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Large Medical Center sinkhole has neighbors nervous

City officials, meanwhile, said they wouldn't be involved with fixing the issue right away since it's on a private property.

SAN ANTONIO — A sinkhole in the Medical Center area is already big enough to swallow several cars, and neighbors are worried it will grow even bigger. 

Several people who live at the Fountainhead Apartments on Horizon Hill said they noticed the problem Friday night when one of their neighbors went door to door, warning people to move their cars from one section of the parking lot that was disappearing.

"We didn't recognize him so we didn't open our door, but then the next morning we saw the hole," one resident said. 

"They moved the cars that were parked right there, but that's all," added another, describing the scene Friday night. 

No one wanted to complain on the record, but everyone said they were anxious to get answers from complex managers, who were apparently not returning calls during the holiday weekend.

KENS 5 found the office locked and a phone message to the company was not returned on Monday. 

"It was kind of scary because it was a big hole by Saturday morning," one man said after Friday night's heavy downpour, adding "that hole got about twice as big as it was originally" after a second round of weekend showers.  

"It was an asphalt washaway, is what they said it was," the resident said, adding the problem seems much more significant. "This is definitely a sinkhole. They sent an email late Sunday, and tried to make it seem like it wasn't quite as bad as what it is."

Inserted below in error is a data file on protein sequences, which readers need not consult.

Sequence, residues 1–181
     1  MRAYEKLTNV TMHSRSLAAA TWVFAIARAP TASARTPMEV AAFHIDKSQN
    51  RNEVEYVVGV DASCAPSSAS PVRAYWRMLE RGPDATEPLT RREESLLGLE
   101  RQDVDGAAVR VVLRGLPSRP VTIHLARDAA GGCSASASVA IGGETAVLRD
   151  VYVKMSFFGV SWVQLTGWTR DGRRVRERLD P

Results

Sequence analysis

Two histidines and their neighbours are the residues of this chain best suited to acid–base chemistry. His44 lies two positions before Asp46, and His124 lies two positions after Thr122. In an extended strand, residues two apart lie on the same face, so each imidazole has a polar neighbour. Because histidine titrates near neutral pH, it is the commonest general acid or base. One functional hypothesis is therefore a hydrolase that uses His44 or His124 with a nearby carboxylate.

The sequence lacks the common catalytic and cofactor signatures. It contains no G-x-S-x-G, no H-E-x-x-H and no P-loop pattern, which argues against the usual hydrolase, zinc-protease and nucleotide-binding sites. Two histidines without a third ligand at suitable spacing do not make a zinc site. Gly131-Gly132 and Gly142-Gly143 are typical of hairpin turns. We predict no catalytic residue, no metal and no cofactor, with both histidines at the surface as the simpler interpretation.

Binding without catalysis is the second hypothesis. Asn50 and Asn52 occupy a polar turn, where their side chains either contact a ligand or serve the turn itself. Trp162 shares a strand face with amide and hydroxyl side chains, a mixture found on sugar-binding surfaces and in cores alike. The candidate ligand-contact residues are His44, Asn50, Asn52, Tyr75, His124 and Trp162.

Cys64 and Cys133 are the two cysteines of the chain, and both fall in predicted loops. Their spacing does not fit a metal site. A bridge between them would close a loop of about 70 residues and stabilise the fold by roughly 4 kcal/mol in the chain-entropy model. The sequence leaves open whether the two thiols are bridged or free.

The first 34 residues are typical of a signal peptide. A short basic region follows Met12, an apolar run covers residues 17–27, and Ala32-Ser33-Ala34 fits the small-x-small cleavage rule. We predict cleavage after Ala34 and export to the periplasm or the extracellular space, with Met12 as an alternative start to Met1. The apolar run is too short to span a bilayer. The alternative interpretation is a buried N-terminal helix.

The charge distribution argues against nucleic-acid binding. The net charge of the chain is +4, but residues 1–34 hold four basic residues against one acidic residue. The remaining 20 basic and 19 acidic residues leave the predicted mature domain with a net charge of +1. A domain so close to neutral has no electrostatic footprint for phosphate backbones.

One resident said they saw some San Antonio firefighters installing yellow caution tape at the scene on Sunday, but they said that is all the protective action that has been taken.

Several city officials did respond, even though it's a holiday. The chief communications officer for the San Antonio Public Works Department said since the problem is on private property, it is a private problem. Paul Berry said it's up to the property owner to remediate the growing hole, adding the city wouldn't be involved unless the hole grows so large that it starts impacting infrastructure or utilities.

One man who said he has been walking in the neighborhood for more than 20 years said he is unconcerned with the sinkhole. He said the same problem has happened in the exact same spot numerous times over the years. 

He said the complex management addresses the issue every time it returns.

So far, there have been no reports of injuries or damage to nearby property as a result of the sinkhole.

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